In the past two years I have been asked to describe and stimulate discussion about disability culture on two websites. As a result of these efforts I have sought quotes about disability culture from sources around the world. The bulk of this paper will consist of other people's words with some (hopefully) descriptors about why these particular quotes are being used. One note about style and language. I have attempted to maintain the styles I found these words first formatted in out of respect to the authors and their wishes. In the same vein, I have kept the language in its original spellings. I begin quoting myself from Investigating a Culture of Disability: Final Report published in 1994 after receiving the first monies from the Department of Education to do research about disability culture. This paragraph was first used in my proposal to the National Institute on Disability Rehabilitation Research (NIDRR) to start this work:
The following quote I found online while searching for descriptions about disability culture from other countries. I know nothing about the author:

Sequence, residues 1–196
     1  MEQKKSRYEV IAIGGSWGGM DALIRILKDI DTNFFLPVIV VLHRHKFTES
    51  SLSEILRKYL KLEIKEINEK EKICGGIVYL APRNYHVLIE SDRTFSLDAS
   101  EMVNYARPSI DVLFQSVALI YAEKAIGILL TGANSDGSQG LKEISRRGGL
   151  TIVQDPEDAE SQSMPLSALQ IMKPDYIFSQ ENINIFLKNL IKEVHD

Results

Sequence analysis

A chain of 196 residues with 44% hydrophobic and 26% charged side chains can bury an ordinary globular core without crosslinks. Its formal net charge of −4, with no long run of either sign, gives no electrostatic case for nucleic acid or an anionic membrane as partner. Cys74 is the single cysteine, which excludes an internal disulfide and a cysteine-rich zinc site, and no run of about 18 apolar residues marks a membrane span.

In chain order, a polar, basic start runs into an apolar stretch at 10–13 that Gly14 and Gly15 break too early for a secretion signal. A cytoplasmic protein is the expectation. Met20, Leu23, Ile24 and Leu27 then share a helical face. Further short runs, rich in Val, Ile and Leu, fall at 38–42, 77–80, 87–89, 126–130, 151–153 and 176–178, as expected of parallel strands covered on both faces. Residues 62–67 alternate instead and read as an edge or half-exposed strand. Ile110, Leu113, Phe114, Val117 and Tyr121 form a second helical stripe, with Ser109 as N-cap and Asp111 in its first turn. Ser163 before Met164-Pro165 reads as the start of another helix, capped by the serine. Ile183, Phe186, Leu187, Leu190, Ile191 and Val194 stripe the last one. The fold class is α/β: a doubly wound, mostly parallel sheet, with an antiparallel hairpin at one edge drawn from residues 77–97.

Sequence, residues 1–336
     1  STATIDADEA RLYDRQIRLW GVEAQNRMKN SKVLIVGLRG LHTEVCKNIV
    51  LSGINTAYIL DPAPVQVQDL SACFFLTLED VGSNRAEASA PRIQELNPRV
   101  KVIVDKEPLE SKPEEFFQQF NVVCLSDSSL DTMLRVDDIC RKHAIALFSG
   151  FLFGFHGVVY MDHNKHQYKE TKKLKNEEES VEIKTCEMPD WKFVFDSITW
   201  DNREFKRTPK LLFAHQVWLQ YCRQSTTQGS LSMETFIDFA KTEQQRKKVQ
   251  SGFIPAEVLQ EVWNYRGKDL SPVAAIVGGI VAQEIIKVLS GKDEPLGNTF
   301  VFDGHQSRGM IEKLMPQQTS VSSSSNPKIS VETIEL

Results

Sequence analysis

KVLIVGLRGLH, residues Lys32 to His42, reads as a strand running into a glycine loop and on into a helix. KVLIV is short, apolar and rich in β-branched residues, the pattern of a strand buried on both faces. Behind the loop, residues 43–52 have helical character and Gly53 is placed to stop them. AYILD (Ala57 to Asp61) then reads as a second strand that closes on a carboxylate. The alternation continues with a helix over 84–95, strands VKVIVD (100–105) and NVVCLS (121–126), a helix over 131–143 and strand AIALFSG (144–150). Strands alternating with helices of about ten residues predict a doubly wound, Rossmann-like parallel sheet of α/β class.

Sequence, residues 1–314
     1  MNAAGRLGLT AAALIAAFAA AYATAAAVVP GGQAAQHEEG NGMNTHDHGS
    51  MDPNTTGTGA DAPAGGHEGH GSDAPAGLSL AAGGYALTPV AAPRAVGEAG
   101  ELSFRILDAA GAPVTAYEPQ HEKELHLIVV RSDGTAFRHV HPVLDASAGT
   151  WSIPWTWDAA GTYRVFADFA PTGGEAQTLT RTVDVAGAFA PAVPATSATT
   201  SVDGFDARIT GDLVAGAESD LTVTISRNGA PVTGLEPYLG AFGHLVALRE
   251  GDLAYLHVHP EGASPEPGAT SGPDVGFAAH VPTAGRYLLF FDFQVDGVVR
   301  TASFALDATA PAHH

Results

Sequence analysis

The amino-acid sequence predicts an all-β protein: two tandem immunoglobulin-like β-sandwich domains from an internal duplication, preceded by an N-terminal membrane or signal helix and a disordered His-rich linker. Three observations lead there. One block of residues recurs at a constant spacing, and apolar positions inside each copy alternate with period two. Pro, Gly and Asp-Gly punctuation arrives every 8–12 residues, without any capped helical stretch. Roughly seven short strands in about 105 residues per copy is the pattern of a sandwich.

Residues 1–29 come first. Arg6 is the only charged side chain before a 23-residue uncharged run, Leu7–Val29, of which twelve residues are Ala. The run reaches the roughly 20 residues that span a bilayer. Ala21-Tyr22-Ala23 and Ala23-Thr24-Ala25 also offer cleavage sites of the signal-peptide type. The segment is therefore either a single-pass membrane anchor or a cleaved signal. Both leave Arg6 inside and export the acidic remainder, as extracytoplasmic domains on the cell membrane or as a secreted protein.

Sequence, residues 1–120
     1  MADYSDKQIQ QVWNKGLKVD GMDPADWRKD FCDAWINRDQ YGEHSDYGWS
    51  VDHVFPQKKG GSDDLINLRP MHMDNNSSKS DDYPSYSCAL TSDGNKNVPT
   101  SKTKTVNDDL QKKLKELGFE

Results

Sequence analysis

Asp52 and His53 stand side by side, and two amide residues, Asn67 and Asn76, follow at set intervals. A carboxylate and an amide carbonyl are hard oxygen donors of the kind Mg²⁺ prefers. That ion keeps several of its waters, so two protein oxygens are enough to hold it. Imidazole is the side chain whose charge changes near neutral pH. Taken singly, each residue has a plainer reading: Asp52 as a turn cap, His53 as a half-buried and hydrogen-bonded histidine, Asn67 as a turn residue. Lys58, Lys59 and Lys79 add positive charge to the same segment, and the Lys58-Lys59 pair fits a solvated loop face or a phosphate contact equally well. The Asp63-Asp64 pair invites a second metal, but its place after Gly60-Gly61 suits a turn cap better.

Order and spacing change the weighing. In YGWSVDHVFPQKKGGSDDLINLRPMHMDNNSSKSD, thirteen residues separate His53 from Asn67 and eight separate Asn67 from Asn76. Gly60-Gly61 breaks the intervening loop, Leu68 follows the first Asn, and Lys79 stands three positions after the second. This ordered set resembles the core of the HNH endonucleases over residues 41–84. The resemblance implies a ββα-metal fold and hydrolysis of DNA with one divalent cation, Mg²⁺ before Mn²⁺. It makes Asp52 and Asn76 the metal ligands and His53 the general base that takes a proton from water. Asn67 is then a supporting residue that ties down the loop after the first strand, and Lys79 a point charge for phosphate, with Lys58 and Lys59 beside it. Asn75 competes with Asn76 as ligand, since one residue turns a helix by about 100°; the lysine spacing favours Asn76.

Harlan Hahn, perhaps the first scholar to write about disability being beautiful, wondered, "Have you ever thought about going to McDonald's as part of your cultural heritage? He says for people with mobility disabilities fast food restaurants are a cultural icon." (VSA arts New Mexico website: <http://www.vsartsnm.org/>)
Understanding Disability Culture (New Zealand)
A New Zealand website I found included many links to disability culture and focused, as does much of the world, on employment.
Celebration of Disability (South Africa)
A South African Minister identified "disability culture" as a way to celebrate disability: